Never Home Alone

A really fascinating new book by my colleague Rob Dunn – an absolute must read. It details the incredible world of life that lives in your homes. Here is the Amazon link and review.

Even when the floors are sparkling clean and the house seems silent, our domestic domain is wild beyond imagination. In Never Home Alone, biologist Rob Dunn introduces […]

By | 2018-11-14T19:55:24-05:00 November 12th, 2018|Categories: citizen science, Featured, Invasive Species, Invertebrates|Comments Off on Never Home Alone


Came across this post on the 30th Anniversary of BirdsCaribbean. There are various links that may interest you here. They post periodically on Bahamas birds, including this recent post on the feared extinct Bahama Nuthatch.

By | 2018-10-11T11:44:31-05:00 October 11th, 2018|Categories: Birds, citizen science|Comments Off on BirdsCaribbean

Mangrove outreach in the classroom

We recently began a collaboration with the Khaled bin Sultan Living Oceans Foundation where we are bringing our disease research on mangroves into the classroom. We worked with Amy Heemsoth, director of education at Khaled bin Sultan Living Oceans Foundation, to develop a lesson plan in which students help collect and isolate disease from mangrove leaves. We recently piloted this […]

By | 2017-04-14T09:42:26-05:00 April 14th, 2017|Categories: citizen science, Education, Mangroves and Creeks|Tags: , , , , |Comments Off on Mangrove outreach in the classroom

Lessons from the International Coral Reef Symposium: “We Must Reduce Carbon Emissions”

Last week some 3000 coral reef scientists, including the world’s foremost leaders in all aspects of coral reef ecosystems, met in Honolulu to discuss the fate of coral reefs.  The goal of this convention, which is held every four years, was to focus on positive action towards improving reef ecosystems. Unfortunately, when studying coral reefs it is difficult to be optimistic. […]

By | 2016-07-03T17:14:45-05:00 July 3rd, 2016|Categories: citizen science, Climate Change, Coral, Global change, marine protected areas, Nutrients, Overfishing|Comments Off on Lessons from the International Coral Reef Symposium: “We Must Reduce Carbon Emissions”

The First National Inventory of All Household Life (on a swab)

The latest from Robb Dunn’s lab at NCSU – really incredible research.  Here is a snippet of what they found lives in your house….

“In other words, in the thousand houses people have sampled we have found evidence of more species than there are kinds of birds and mammal species on Earth, nearly ten times more. The challenge has […]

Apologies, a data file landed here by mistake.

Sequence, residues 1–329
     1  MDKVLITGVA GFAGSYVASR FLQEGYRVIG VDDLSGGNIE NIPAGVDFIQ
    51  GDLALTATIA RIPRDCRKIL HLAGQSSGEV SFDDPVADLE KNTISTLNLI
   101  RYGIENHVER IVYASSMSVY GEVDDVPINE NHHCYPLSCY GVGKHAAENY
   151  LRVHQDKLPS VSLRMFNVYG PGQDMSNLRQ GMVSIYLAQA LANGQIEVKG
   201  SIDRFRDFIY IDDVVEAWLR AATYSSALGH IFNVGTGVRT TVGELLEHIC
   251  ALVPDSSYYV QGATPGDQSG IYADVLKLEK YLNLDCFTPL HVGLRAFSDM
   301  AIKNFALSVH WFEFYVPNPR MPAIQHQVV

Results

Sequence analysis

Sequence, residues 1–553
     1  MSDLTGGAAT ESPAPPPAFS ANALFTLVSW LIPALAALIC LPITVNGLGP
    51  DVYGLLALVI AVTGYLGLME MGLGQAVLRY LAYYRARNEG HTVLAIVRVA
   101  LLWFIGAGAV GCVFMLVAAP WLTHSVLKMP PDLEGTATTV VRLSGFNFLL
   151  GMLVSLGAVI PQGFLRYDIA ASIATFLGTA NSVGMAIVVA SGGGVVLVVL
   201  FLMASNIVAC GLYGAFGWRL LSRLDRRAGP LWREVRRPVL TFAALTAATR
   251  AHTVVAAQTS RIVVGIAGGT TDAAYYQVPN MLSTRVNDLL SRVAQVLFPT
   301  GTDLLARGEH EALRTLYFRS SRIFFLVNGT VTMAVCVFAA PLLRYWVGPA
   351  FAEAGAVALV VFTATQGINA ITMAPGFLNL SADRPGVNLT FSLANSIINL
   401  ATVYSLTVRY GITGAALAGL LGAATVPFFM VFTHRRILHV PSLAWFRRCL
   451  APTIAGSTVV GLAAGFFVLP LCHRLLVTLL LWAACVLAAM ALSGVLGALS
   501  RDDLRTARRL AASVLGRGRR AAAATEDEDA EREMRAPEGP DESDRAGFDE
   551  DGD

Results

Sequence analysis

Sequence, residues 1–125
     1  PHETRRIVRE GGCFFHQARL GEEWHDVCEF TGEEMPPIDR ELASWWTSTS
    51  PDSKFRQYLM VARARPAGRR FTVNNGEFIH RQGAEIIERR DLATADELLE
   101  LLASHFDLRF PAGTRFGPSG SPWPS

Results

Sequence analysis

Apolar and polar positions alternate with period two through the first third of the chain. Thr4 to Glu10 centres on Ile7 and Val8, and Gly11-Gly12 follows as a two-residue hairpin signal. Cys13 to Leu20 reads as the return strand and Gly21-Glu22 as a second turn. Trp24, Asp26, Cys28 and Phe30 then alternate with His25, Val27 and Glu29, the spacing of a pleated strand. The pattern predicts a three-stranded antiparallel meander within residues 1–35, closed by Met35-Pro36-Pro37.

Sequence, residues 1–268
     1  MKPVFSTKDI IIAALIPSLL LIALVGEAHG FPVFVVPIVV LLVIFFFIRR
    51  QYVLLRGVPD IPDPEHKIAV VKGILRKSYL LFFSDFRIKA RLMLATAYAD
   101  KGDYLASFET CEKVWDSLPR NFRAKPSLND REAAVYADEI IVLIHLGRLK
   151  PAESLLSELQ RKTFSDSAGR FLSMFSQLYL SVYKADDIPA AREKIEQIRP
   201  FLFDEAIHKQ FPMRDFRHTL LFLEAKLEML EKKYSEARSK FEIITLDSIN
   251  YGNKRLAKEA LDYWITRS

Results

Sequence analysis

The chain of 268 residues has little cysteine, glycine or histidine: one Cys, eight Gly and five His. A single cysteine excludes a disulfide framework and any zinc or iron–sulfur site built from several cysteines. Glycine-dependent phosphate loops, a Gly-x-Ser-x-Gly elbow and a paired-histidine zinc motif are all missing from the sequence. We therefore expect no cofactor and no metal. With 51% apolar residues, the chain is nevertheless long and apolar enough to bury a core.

By | 2015-08-26T08:38:14-05:00 August 26th, 2015|Categories: citizen science|Comments Off on The First National Inventory of All Household Life (on a swab)

Bahamas Plastic Movement

Kristal Ambrose shared this Bahamas Plastic Movement press release with us.  Thanks Kristal!

Bahamas Plastic Movement (BPM) hosted a Plastic Pollution Education and Ocean Conservation camp at the Eleuthera Arts and Cultural Center (EACC) in Tarpum Bay. Twenty-three youth, ages 7-14, from across South Eleuthera came together to learn about plastic pollution and spark youth action and activism around the […]

By | 2017-12-01T14:02:11-05:00 July 23rd, 2015|Categories: Beaches, citizen science, development, pollution|Comments Off on Bahamas Plastic Movement

2015 BREEF Teacher Training Workshop on San Salvador

We spent last week on San Salvador working with a group of 30 teachers from across The Bahamas at the Annual Bahamas Reef Environment Educational Foundation (BREEF) Teacher Training Workshop! It was an extremely rewarding and fun experience for all involved. Thanks to BREEF for having us be a part of the workshop and to NSF  funding […]

By | 2017-12-01T14:02:12-05:00 July 19th, 2015|Categories: citizen science, Education, Featured, Invertebrates, Mangroves and Creeks, seagrass|Comments Off on 2015 BREEF Teacher Training Workshop on San Salvador

Abaco Mangrove Survey Update

So far we have had 65 submissions! Samples have been collected from mangroves in North, Central, and South Abaco but we still need more samples to fill in the gaps.

The graph below shows the distribution of diseased Red Mangroves across Abaco. As you can see, the disease with the characteristic lesions we’ve had you keep an eye out for are fairly […]

By | 2017-12-01T14:02:12-05:00 July 9th, 2015|Categories: citizen science, Featured, Mangroves and Creeks|Comments Off on Abaco Mangrove Survey Update

Sargassum and nesting turtles

A quick update from new NCSU graduate student Andrew Maurer on the sargassum mats in the Eastern Caribbean.  Thanks Andrew.

“Huge influxes of sargassum seaweed on coasts and nearshore waters throughout the Caribbean are drawing more and more attention from all sectors, especially conservation organizations. There are benefits to beaches such as stabilization and vast nutrient provision. Oceanic sargassum is also […]

By | 2017-12-01T14:02:12-05:00 July 3rd, 2015|Categories: Beaches, citizen science, Endangered species, herpetology, migration, tourism, Turtles|Comments Off on Sargassum and nesting turtles

Other Characteristics to Look for on Mangrove Leaves

Although the large brown/black lesions we’ve posted about before are signs of disease, there are other symptoms you can look for on leaves as you complete surveys.

Keep in mind that the lesions we describe may not always be large. Many of the leaves we have found have had fairly small lesions.

By | 2017-12-01T14:02:13-05:00 June 13th, 2015|Categories: citizen science, Mangroves and Creeks|8 Comments